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3rd Circuit Declines to Rule: Is Sexting Pornography?

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By Tanya Roth, Esq. on March 18, 2010 1:45 PM

On March 17, the 3rd Circuit Court of Appeals handed down an anticipated decision in a teen "sexting" case. The only question decided by the court was, however, whether the DA of Wyoming County unconstitutionally retaliated against the Pennsylvania teens involved for refusing to attend his "education" class when threatened with criminal prosecution for sexting.  

"Sexting," as you may or may not know is (and defined by the court here as) "the practice of sending or posting sexually suggestive text messages and images, including nude or semi-nude photographs, via cellular telephones or over the Internet."

The Philadelphia Inquirer reports that in October, 2008, school authorities from the the Tunkhannock School District in Pennsylvania discovered and disciplined several teenage students found to have sent, received or were the pictorial subject of several "sexts." The then DA of Wyoming County, George Skumanick Jr., was called in and he decided to require the students involved to attend his "education" class regarding gender and sex roles in society, or face criminal prosecution for possession or distribution of child pornography. The students and their parents sued the DA for violation of their constitutional rights when he threatened them with prosecution after they refused to attend the class.

We previously discussed the lower court's decision in this case.

The trial court granted the plaintiffs' request for an injunction and stayed any possibility of prosecution by the DA while the case was on appeal. The court here upheld the injunction.

The 3rd Circuit found that DA Skumanick had violated the federal law (42 U.S.C. § 1983) which prohibits any official, under the color of state law, from depriving any person of a federal constitutional or statutory right. By retaliating against the plaintiffs with the threat of criminal prosecution, he deprived them of their First and Fourteenth Amendment rights.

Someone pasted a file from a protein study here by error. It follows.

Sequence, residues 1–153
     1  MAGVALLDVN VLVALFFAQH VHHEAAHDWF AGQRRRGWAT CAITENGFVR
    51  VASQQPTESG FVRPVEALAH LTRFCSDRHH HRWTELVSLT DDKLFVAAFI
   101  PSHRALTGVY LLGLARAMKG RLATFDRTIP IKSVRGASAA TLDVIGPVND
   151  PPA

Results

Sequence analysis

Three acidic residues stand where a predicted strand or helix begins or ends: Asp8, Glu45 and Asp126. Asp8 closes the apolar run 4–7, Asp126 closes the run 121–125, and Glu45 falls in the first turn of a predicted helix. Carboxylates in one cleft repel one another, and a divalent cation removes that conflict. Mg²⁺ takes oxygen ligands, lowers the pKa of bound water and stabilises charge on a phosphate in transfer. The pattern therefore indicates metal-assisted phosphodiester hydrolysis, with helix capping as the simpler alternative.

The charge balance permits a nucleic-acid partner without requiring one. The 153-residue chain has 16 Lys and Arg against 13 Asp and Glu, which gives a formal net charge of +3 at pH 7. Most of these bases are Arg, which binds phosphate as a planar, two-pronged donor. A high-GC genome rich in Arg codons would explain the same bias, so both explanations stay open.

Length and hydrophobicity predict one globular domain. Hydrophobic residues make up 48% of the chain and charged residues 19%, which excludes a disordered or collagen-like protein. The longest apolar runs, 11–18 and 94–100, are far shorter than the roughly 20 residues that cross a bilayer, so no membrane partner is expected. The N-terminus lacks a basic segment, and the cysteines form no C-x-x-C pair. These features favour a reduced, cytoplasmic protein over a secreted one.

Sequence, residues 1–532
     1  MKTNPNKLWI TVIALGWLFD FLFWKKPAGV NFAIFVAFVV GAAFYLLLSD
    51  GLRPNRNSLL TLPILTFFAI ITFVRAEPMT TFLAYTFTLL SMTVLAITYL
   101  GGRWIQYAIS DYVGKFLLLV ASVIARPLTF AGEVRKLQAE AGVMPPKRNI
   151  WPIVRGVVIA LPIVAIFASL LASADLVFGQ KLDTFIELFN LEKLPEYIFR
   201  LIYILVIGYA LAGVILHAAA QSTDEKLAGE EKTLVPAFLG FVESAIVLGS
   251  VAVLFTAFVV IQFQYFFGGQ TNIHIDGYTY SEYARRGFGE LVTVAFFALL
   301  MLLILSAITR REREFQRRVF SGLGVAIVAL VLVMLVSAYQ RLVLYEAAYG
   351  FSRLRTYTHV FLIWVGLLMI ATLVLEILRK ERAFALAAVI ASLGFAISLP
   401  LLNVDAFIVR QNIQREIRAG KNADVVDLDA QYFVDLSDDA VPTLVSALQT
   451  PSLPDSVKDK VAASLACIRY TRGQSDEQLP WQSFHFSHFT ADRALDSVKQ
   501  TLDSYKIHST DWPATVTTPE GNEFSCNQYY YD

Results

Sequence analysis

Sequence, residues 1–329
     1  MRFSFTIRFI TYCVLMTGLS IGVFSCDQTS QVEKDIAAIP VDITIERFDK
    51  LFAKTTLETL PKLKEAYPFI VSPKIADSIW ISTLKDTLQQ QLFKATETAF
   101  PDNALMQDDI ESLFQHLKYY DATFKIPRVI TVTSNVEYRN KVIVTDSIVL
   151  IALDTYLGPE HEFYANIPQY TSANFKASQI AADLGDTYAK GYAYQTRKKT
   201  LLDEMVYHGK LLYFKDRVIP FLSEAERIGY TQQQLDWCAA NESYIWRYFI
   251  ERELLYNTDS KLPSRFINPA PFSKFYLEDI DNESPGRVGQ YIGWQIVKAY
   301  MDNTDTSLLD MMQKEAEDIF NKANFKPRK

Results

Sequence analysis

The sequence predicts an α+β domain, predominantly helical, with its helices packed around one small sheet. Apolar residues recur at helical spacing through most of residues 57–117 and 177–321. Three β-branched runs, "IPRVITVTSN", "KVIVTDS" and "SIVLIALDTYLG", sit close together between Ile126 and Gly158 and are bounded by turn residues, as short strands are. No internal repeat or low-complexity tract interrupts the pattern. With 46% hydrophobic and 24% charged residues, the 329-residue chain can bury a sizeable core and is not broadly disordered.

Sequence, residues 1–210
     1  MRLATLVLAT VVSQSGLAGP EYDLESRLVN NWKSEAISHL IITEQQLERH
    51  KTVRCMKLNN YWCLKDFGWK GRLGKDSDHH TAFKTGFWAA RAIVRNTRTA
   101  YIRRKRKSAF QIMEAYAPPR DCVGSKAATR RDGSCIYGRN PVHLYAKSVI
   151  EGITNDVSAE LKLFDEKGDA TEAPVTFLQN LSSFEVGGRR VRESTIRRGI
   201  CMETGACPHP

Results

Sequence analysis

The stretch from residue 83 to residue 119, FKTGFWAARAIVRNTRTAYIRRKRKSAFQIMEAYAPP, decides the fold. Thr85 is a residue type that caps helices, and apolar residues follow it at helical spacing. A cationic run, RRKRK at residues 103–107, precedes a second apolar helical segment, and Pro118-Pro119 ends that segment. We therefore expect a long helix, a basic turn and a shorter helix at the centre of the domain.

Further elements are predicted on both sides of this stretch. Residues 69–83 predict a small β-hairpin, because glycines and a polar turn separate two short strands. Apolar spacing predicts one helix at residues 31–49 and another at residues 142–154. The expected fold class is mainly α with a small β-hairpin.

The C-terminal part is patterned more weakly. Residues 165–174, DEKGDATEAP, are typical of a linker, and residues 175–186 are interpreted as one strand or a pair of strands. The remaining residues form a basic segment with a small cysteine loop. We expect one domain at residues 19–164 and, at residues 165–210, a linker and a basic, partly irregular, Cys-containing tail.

The court found that the plaintiffs were exercising their valid First Amendment rights in refusing to be compelled to speak by attending the class. The court said, "the First Amendment guarantees 'freedom of speech,' a term necessarily comprising the decision of both what to say and what not to say." The court then addressed the question of the rights of the teen's parents. They decided the DA's attempt to force the teens to attend the class interfered with the parents' rights to direct their children's education without undue interference from the state. This is a right guaranteed by the Fourteenth Amendment.

The one question that many were looking to the court to answer in this case, they declined to rule on. The question of whether sexting is pornography or is protected speech under the First Amendment was not addressed. The case has been sent back to the lower court for further proceedings.

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